Reviewed on Tue 06 Sep, 2016
The two performers are undoubted experts in this field, their playing elegant and nuanced, highlighting the rhetorical nature of Boismortier’s genteel instrumental dialogues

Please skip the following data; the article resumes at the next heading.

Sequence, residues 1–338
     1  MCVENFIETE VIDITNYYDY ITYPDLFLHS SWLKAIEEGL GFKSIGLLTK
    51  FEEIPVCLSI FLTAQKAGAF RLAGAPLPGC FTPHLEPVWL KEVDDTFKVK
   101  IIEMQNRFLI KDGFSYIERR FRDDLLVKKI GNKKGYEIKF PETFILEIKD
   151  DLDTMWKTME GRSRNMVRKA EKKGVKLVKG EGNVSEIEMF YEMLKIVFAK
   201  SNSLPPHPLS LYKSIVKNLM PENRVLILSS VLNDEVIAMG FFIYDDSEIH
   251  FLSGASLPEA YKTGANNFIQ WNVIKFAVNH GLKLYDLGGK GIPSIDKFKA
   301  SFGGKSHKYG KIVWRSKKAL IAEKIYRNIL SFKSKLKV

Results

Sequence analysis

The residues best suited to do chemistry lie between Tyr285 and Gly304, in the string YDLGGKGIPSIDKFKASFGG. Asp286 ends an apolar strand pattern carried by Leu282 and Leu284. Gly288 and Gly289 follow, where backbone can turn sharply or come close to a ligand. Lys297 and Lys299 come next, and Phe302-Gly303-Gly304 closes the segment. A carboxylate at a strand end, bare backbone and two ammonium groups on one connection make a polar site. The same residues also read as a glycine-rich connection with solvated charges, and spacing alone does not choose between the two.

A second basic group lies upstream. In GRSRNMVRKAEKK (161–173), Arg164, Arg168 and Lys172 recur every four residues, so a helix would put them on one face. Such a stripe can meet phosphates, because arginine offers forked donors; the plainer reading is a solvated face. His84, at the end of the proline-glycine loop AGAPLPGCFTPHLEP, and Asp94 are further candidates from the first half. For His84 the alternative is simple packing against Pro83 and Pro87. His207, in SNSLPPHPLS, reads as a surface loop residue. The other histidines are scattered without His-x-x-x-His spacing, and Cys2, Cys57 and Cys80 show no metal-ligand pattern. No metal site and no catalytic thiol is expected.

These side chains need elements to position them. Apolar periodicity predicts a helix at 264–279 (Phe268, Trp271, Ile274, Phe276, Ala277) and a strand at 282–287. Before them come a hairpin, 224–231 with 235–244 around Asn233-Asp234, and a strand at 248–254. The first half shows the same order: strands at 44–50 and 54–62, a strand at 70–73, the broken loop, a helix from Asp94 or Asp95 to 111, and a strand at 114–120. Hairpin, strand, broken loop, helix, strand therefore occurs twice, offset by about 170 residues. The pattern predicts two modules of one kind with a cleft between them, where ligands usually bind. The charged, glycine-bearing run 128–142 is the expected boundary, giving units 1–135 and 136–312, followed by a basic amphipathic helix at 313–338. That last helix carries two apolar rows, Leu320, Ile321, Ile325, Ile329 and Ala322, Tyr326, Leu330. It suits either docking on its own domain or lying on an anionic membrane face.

Greg Dikmans (baroque flute) and Lucinda Moon (baroque violin), the two leads of the period-instrument Elysium Ensemble, here essay a somewhat unusual example of French baroque chamber music. Boismortier, who was something of a specialist when it came to novel instrumental combinations, scores his Op 51 collection for flute and 'violon par accords', which means the fiddle frequently fills out the harmonic accompaniment with chord voicings, at least to the extent that this is possible on four bowed strings. The accompanying booklet is chock full of detail about French baroque performance practices, and the two performers are undoubted experts in this field, their playing elegant and nuanced, highlighting the rhetorical nature of Boismortier’s genteel instrumental dialogues. If the overall result comes across as slightly insipid 'Tafelmusik', it’s no reflection on them. Far removed from the tempestuous energy of, say, Tartini or Vivaldi, this is music for the polite parlours of the French bourgeoisie.